Saturday, February 14, 2009
What the great ones do
It really shows my age that I remember when heavyweight championship boxing matches were broadcast on network TV. Not pay-per-view, not even cable, but good old ABC.
One fight I’ll never forget was the 1976 bout between Muhammad Ali and Jimmy Young. My opinion of Ali has mellowed over the years, but back then, I found his “I Am The Greatest” schtick more annoying than charming. So I always rooted against him, to no avail.
Then came the Ali-Young fight. Young clearly outfought the champ throughout, and even Howard Cosell sensed an upset in the making. Imagine my shock when Ali won by unanimous decision.
My brother, Joe, wasn’t shocked. He said, “If you’re going to beat the champ, you have to knock him out.”
Many boxing pundits think that Young was robbed, but that’s beside the point here. In many of his fights, Ali did just what he had to do to win—and that’s why he could call himself “The Greatest.”
The same can be said about the Super Bowl XLIII Champion Pittsburgh Steelers. Most of their wins weren’t pretty. Some were the source of controversy, and most left them open to criticism. But they did what they had to do to win.
Consider the two regular-season matchups between the Steelers and the hated Baltimore Ravens. The first game went into overtime and ended with three points off of Jeff Reed’s toe, 23-20. The rivalry was as intense as the score was close. Running back Rashard Mendenhall was injured by a hit from Ray Lewis, and much trash talk was heard in the media for weeks when Ravens linebacker Terrell Suggs claimed that a bounty had been put out on Mendenhall and wide receiver Hines Ward.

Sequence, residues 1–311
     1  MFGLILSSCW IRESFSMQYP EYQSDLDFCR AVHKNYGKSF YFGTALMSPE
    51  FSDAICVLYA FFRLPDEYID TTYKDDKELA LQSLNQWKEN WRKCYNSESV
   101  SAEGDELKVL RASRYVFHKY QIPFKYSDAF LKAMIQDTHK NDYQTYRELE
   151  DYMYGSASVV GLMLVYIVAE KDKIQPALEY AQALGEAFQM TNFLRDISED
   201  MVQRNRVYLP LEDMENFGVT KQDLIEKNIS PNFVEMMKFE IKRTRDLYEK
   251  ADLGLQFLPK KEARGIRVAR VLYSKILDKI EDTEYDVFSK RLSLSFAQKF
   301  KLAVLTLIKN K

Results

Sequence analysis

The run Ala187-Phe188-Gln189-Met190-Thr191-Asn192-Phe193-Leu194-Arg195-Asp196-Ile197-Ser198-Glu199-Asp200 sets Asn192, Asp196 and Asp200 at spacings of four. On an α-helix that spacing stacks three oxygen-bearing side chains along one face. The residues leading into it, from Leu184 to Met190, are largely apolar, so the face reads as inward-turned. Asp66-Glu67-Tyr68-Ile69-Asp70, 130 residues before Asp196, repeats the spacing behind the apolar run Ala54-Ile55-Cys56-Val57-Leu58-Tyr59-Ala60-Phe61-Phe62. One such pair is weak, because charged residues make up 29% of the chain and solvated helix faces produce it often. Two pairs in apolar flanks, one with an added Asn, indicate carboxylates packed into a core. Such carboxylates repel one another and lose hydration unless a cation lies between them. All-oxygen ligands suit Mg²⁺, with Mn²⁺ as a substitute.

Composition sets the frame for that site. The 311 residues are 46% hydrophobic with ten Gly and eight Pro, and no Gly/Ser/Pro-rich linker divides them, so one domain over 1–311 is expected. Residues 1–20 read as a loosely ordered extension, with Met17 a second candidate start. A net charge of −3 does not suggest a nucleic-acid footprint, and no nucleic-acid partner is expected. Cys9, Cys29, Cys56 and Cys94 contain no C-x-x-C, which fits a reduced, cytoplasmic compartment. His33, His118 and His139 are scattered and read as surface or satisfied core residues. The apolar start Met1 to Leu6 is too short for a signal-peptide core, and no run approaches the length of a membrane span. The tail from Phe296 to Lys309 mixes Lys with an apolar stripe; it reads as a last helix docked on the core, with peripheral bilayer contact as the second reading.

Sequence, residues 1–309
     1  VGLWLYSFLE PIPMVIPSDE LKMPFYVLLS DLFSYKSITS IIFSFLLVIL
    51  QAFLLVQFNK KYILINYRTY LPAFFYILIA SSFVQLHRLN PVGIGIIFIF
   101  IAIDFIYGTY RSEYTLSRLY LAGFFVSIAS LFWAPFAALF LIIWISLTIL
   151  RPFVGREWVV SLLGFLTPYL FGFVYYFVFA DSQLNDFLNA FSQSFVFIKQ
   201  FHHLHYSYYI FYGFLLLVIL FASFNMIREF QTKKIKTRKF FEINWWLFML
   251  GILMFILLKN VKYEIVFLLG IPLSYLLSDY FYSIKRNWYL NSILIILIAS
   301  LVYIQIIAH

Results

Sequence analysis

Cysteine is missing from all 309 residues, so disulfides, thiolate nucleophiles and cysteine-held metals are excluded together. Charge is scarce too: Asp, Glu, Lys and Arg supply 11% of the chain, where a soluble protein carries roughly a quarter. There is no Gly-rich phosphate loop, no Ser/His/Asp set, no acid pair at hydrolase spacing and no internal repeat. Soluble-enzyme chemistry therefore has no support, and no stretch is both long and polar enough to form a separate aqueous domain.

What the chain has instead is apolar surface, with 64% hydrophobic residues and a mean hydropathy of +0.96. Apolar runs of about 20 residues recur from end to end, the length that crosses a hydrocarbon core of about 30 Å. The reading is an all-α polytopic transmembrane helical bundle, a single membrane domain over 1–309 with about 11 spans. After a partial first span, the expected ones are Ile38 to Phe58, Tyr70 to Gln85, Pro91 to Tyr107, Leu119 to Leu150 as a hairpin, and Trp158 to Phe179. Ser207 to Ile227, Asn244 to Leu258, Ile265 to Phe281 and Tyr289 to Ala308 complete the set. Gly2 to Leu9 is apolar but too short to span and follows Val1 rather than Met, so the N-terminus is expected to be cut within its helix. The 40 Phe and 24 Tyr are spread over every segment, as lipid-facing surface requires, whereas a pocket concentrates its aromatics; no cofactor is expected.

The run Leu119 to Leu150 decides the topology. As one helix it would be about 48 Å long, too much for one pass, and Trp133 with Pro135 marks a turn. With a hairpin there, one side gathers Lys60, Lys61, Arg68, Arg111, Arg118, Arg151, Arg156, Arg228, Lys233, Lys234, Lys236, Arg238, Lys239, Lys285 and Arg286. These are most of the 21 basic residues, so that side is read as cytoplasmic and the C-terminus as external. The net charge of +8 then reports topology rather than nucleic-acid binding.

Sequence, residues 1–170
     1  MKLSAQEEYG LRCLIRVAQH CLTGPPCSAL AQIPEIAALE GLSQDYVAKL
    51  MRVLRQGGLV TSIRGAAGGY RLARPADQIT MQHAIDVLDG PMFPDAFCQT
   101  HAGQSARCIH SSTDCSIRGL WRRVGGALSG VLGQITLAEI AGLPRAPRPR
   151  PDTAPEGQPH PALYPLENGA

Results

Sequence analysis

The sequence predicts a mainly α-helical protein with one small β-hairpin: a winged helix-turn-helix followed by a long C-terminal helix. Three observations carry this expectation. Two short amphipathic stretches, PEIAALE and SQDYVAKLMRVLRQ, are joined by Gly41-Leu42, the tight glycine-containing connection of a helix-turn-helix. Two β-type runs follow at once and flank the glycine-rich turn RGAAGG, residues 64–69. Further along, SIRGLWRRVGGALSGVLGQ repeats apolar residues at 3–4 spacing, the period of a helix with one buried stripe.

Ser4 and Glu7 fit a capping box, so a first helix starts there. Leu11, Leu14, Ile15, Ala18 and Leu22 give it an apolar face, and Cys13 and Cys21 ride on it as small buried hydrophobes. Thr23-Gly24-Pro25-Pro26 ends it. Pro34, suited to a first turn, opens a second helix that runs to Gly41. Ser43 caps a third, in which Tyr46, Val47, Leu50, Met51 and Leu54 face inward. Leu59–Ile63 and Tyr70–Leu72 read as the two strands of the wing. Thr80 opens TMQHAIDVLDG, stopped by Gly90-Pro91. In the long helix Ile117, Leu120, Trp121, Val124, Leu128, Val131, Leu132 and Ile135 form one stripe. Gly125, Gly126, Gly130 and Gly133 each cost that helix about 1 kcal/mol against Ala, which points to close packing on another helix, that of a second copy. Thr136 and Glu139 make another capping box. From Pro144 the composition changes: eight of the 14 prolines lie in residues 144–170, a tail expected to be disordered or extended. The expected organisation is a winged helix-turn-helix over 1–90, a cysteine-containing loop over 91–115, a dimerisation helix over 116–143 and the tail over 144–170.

The rematch did little to resolve those issues. It climaxed with a controversial play in which Santonio Holmes was credited with a touchdown after review for a 13-9 win. Whether the ball crossed the goal line is something that is still being argued all the way from here to Baltimore.
There was also the game against the San Diego Chargers, the first 11-10 game in NFL history. It, too, ended in controversy as a fumble recovery returned for a touchdown by Troy Polamalu was negated by a questionable call.
Add to that the 20-13 come-from-behind win over the drama-ridden Dallas Cowboys on the late interception for a TD by Deshea Townsend—and, finally, the 27-23 Super Bowl victory in which Holmes kept both feet inbounds for one of the most memorable moments in Super Bowl history.
Through this season, detractors have passed these close wins off as dumb luck. Come on. I can see a blown call being worth one or two wins a season, but nobody wins the Super Bowl on luck alone. Faced with one of the toughest schedules in recent NFL seasons, the Steelers did just what they needed to do to beat most of their opponents.
The result? A sixth Super Bowl victory, and one that was more than earned—by doing just enough to win.
That’s what the great ones do.